It began as a mission for better lunches. Sick of slamming together a turkey sandwich or glumly unwrapping a microwave burrito five days a week, I started going to the grocery store every couple of days. I’d buy salad mix, rotisserie chickens, bags of almonds. Besides making me realize the health benefits of avoiding ramen, my frequent grocery runs alerted me to the often appalling cost of food. Seven dollars for grapes? Eight bucks for a little block of cheddar? Why, I remember when such things were… well, I don’t know, because I wasn’t paying attention until about a month ago. But two bucks seems like a lot for a red pepper. I blame the Mexican cartels, as I do for many things.

Armed with my newfound awareness and indignation, I examined our previous two bank statements and found that we spend $1,500 a month on groceries. I don’t know what a reasonable number is for four people, but $1,500 would seem to leave plenty of room for improvement. So I started bargain shopping. Our fridge was filled with cherry tomatoes, which always seem to be on sale. The Rachael Ray dog food got switched for whatever third-rate horse nuggets were on sale. There was a moment of marital discord when Heather wanted to make fish tacos and I came home with cod instead of tilapia. Hey, it was on special for less than the tilapia, and an upgrade to boot! Now let’s enjoy these meaty cod tacos, just like the Pilgrims would have if they’d landed in Baja.

Given my mission to eat better while reducing our food bill, I was not immediately on board when Heather suggested augmenting our grocery-and-takeout regime with Blue Apron, a service that delivers you three meals a week. It’s $240 a month for two people, but that outlay replaces at least some of the money that you would’ve spent on 12 dinners. Aside from the financial aspect, I was just sort of dubious that I’d want to eat anything that arrives in a cardboard box from FedEx.

When the first Blue Apron box arrived, I opened it to discover what amounted to a cover letter on top, explaining the choices for that week. “Some amateur scholars have called them the rhythm section of the sea,” read the bio for blackened drum. “We call them delicious.” I would’ve gone with, “We’re bongos for this drum!” but I can’t expect chefs to come up with professional-writer lines like that.

Along with the introduction were three recipes printed on thick, glossy paper and annotated with step-by-step photos. Below those was the food, all individually packaged and labeled so that it doesn’t get lost in the jungle of your refrigerator. You can tell this service is aimed at single dudes, because the labels take nothing for granted—a carrot is sealed in a plastic bag labeled “carrot,” looking like evidence in some kind of heinous root vegetable-based crime.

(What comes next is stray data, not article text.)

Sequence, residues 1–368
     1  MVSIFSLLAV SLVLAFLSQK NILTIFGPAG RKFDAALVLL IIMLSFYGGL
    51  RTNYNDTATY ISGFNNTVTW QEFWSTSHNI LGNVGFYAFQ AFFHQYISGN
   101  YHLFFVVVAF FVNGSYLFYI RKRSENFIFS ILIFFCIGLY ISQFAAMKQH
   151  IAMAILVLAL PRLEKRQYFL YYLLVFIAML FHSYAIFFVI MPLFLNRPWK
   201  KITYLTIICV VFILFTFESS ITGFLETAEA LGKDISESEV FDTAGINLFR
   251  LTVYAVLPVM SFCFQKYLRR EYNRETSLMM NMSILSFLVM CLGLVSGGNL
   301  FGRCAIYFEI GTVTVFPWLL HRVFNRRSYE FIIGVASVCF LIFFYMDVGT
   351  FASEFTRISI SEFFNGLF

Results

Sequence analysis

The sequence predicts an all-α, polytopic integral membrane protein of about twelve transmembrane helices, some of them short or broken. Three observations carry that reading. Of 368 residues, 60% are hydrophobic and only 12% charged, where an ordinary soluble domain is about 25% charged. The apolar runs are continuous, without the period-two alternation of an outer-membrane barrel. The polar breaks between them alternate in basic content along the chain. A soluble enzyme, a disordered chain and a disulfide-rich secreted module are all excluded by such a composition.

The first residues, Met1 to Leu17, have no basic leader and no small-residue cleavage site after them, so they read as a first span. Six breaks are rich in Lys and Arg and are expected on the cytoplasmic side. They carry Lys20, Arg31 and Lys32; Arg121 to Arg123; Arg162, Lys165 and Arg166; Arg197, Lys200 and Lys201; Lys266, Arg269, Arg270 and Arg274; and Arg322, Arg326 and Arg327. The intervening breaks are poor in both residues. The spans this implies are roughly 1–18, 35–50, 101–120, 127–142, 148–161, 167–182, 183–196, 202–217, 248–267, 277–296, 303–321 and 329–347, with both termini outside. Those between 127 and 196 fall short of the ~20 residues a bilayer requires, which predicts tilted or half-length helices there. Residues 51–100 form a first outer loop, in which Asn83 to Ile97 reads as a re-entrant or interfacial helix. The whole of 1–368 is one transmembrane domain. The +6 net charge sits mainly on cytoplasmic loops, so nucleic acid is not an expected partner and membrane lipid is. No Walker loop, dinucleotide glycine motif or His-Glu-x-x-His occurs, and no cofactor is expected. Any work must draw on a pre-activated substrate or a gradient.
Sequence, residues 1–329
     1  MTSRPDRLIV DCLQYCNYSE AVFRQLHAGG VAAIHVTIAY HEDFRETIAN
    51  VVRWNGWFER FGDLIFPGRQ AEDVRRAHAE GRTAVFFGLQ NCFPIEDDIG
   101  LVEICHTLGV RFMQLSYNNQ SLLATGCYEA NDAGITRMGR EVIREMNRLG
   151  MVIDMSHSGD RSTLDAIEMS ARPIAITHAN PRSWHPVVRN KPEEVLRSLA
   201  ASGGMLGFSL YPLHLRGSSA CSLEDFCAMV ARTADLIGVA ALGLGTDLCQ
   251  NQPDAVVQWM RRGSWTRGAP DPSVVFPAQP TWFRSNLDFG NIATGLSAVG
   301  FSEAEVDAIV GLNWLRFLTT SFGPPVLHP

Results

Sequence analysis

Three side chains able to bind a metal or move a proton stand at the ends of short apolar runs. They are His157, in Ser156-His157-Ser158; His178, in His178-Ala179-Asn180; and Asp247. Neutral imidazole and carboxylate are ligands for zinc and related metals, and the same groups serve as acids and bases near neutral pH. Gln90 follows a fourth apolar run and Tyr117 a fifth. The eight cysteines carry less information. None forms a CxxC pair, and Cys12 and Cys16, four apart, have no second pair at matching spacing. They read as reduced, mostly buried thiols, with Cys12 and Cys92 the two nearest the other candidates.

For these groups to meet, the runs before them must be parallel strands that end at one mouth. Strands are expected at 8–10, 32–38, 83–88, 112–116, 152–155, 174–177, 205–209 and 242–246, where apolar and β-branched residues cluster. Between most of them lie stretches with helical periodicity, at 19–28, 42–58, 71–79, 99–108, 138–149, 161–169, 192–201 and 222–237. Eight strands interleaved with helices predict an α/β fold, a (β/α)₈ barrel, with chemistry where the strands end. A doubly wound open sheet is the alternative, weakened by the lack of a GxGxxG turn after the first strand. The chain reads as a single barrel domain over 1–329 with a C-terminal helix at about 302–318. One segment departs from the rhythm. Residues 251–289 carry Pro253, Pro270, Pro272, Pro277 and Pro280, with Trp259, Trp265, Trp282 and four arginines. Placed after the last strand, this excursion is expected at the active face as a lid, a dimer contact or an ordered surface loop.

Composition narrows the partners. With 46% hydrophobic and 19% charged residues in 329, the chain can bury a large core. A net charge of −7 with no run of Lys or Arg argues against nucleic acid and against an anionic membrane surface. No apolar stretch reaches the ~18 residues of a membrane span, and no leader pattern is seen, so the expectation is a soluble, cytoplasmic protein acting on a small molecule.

The recipes themselves tend toward the ambitious. Consider Merguez-style brochettes with cauliflower “couscous” and salsa verde, one of my favorites so far. (Blue Apron is big on “foods” impersonating “other foods,” as in the shrimp quinoa “fried rice.”) This is the kind of recipe I’d see on Epicurious and think, “Hey, I should make that!” before realizing that I’d need to spend five months backpacking across Morocco to collect the necessary ingredients. Besides calling for three tablespoons of Marcona almonds and two teaspoons of harissa, this recipe includes a tablespoon of a five-spice blend created by Larry Baldwin, executive chef of Cata in Manhattan. I’ve never even heard of Cata, but I’m still impressed. It’s fun to belittle your friends by telling them that there’s no point in sharing the recipe because it requires Chef Baldwin’s spices from Cata and they’d probably just ruin it by using Mrs. Dash.

We’re now three weeks into the Blue Apron deliveries, and most of the recipes have been great—the chicken and mixed mushroom forager had us both repeatedly proclaiming, “This tastes like something you’d get in a restaurant!” (As opposed to something you’d get dropped on your porch via express mail.) The pork buns, however, were like slabs of undercooked bacon on bad dinner rolls. Banh mi? No, banh you.

Occasional pork belly misfires notwithstanding, I think we’re addicted to Blue Apron. It’s like having an angry personal chef who plans dinner, gathers everything you need and then leaves. Fine, you know what, Raoul? We’ll cook it ourselves! Who does Raoul think he is, anyway? Curse that brilliant bastard, because you know we’ll let him do the same thing again tomorrow.

As for our grocery bill, I haven’t yet calculated whether Blue Apron in fact inflates it. But if it does, I’m willing to cut back in other areas, such as grapes and cheddar and dinners out at Cata. Now pass the harissa.

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